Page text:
It’s a long way to Rome…..

I’ve been bringing along about 5 young horses for several years with the goal to bring them to the FEI division.  therefore I obviously talk a lot about training.  The FEI division stands for Federal Equestrian International.  It governs the highest level of dressage.

In order to qualify for team events in dressage one must compete in CDI competitions. The rules under the  CDI classes are much  stricter than national classes and one must compete in these qualifiers to get on a US team for dressage.  When you enter a CDI competition horses must pass a vet check before being allowed to compete and all medication is prohibited.  For this level one needs a real athlete who is well trained,  healthy and sound.

CDI stands for Concours Dressage International, a dressage competition recognized by the FEI.  As CDI-W, there is World Cup qualifying or World Cup classes at the show, as CDIO there are Olympic qualifying or Olympic classes at the show.

Training horses as my father and mother would say is very hard.  My father said maybe when you have reached 50 years old and have studied training your whole life you might have the credentials to really talk about training.  My mom said  it takes 3 life times to learn to ride dressage. There is no doubt that riding well is one thing but riding well and having the skills, experience, patience, and perseverance to “train” is very different.   Training  horses for the FEI divisions means they are progressing right along in their minds and bodies.  During this training time it’s hard to also be competitive in the lower levels.  I love the lower levels to test your basics and to give your horse an easy and relaxed experience in the show ring. Once they are steady in the shows and quiet about going in the ring all efforts should then be put into doing the right thing every day to create your FEI horse.  Since at best this takes years be careful not to get stuck perfecting the basics.  If your horse learns canter walk for the first time but comes above the bit, reward generously.  Come back to it another time so they learn to do this while on the bit and over the back.  Never expect a horse to do something exactly right when they are learning something new.  If they give you a hint of the right answer reward and then explain again.

My father use to say put the rough draft on your horse and then go back and perfect it. In this way of thinking with a capable horse you will make it to the FEI divisions with success.

So is training horses a sport or an art?  I’m very competitive. I love to compete and I love to win. I also love the horse and their well-being comes before my own desires.  For me the competition is most  certainly a sport.  An Olympic sport that rivals such difficult sports as gymnastics, golf, and even at times requires the bravery of downhill skiers racing at high speeds not knowing if they will win or crash.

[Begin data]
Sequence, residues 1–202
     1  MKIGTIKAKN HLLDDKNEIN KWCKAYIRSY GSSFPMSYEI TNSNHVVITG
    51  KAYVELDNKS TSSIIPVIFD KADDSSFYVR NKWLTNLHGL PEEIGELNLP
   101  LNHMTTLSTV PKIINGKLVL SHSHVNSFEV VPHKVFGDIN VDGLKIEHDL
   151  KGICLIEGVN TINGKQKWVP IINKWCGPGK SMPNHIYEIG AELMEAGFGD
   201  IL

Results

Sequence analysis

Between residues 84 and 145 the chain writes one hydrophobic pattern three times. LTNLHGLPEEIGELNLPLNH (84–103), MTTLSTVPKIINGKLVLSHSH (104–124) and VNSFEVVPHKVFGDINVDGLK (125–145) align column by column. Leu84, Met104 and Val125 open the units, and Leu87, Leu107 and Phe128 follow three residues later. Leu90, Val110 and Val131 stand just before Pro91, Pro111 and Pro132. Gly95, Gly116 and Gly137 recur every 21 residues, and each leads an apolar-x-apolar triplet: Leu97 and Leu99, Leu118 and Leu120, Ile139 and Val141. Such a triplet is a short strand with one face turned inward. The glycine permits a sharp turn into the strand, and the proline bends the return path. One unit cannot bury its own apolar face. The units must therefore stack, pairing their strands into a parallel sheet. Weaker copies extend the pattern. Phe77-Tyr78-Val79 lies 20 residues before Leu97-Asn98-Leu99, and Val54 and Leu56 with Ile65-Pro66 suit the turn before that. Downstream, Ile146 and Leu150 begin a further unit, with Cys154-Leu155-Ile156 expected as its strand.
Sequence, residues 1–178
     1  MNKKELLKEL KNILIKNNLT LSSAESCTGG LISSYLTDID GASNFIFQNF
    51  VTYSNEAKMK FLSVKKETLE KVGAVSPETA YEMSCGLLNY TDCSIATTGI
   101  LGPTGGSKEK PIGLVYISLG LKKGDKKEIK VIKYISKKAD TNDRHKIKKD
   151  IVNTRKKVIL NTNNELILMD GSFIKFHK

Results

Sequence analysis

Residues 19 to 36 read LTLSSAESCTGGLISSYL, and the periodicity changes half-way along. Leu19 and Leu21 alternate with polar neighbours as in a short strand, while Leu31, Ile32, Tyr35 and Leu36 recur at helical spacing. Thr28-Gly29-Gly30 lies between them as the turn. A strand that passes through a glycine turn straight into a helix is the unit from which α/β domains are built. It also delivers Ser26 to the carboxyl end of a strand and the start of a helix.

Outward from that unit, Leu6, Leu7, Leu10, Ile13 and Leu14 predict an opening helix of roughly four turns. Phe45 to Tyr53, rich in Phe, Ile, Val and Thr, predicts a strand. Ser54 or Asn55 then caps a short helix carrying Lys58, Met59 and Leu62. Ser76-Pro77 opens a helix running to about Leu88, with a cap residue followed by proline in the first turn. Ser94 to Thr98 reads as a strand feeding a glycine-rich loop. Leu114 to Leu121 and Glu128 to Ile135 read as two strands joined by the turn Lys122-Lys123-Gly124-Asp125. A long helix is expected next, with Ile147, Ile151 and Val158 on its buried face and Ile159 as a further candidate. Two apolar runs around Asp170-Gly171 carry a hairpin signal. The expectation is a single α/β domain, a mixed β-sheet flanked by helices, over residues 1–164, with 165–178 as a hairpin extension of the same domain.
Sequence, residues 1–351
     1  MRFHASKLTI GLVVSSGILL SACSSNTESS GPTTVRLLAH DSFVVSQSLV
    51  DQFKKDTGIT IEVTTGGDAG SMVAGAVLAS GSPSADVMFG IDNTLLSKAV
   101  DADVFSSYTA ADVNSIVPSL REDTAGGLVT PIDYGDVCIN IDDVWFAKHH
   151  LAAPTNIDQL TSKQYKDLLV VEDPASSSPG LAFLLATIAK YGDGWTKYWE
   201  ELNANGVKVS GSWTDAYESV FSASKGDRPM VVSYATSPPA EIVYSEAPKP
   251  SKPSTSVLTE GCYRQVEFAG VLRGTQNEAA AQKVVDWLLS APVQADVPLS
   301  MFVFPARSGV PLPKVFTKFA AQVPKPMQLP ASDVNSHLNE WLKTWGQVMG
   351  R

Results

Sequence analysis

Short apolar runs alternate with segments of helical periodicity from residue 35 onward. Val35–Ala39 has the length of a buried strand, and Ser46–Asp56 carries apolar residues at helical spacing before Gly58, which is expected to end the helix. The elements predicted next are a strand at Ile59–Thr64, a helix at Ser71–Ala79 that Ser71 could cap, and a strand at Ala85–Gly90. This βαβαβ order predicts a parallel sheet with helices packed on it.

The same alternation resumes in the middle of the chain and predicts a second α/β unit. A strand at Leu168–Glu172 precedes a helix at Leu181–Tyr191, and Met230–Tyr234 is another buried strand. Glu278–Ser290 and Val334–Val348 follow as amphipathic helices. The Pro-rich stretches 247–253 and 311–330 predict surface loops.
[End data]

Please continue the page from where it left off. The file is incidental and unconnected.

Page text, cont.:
Yes competing is a sport and one I love, but make no mistake training is an art!

I am an artist of training horses which means I learn every day. I work hard mentally to make sure my horses learn and are generously rewarded.  An artist never stops perfecting their work. We all know of the riders who have made it to the top on one horse and then we never see them again. One horse can make your career and put you on the map. Horses can make the rider/trainer, but real trainers learn many ways to teach the same thing. The reason you must learn to ride many different types and personalities is because good horses (the best horses) come in all different shapes and sizes.  They all have different  personalities, different physical strengths and weaknesses.  Some great horses have  bad feet that must be cared for with supplements and most important a good black smith.  Some great horses hold tension in their muscles and must be massaged or treated for this not only in good riding but in good medical care.

Some  horses  can be stall  possessive, crabby, nippy, or have difficulty standing still and being patient. Others seem easy as pie and never seem to complain. Non of this is an indication of how they will behave in the ring.  The best horse I ever had would show such a mean face when you went in his stall but he was really sweet and I won a lot on him.  If you turned your back on him in the stall he would bite you but let me tell you when I went through the in-gate he was a force to be reckoned with and won time and time again.
I can manage all kind of characters in the barn, what I’m looking for and nurturing is a horse that has a work ethic.  With a work ethic a horse can go far beyond their God-given talent.

 

 

About Tonya

I began riding at the age of 3. I rode in group lessons with my Dad Chuck Grant. I also rode with many show jumping trainers across the country and competed all my life. In 2003 I decided to focus 100% on Dressage but now that I am training a wide range of young horses; I use my jumping and dressage ability to cross train the young horses and find exactly what they are best at. I currently train with my mom Carole Grant and am always amazed at the knowledge she has for horses and training. See my full biography at www.visualequestrian.com I have a 5 year old son and 7 year old twin boys. We live in Hartland Michigan. All my kids love animals but have a special interest in wild animals.
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